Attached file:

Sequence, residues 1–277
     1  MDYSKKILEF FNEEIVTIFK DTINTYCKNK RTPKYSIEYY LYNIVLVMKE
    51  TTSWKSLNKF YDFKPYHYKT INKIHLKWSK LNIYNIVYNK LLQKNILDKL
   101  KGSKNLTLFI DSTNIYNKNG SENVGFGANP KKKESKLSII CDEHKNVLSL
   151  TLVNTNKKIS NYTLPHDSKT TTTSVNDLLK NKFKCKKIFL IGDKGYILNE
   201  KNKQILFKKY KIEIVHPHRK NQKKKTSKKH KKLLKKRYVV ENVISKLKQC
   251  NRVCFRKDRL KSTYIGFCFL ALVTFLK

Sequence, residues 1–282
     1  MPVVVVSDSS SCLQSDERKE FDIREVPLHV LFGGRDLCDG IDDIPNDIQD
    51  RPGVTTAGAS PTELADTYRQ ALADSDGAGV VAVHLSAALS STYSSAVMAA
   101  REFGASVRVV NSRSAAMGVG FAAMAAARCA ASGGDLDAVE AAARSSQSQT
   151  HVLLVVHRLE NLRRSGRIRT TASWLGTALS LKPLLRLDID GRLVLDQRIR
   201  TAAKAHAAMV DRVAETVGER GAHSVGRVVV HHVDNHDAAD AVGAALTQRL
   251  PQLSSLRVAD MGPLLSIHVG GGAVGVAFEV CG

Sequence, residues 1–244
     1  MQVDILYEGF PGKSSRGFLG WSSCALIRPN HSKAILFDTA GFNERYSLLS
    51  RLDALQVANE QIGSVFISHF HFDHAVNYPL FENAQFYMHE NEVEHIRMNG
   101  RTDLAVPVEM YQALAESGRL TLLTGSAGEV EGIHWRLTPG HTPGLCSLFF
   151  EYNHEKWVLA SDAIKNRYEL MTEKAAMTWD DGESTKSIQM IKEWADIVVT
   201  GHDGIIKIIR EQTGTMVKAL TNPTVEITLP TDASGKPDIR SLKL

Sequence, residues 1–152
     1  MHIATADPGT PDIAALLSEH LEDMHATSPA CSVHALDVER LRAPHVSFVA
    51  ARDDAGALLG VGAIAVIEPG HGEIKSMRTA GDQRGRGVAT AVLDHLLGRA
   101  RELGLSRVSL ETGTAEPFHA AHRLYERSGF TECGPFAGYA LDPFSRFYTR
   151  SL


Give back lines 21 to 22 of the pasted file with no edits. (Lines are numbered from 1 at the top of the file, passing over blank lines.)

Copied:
Sequence, residues 1–152
     1  MHIATADPGT PDIAALLSEH LEDMHATSPA CSVHALDVER LRAPHVSFVA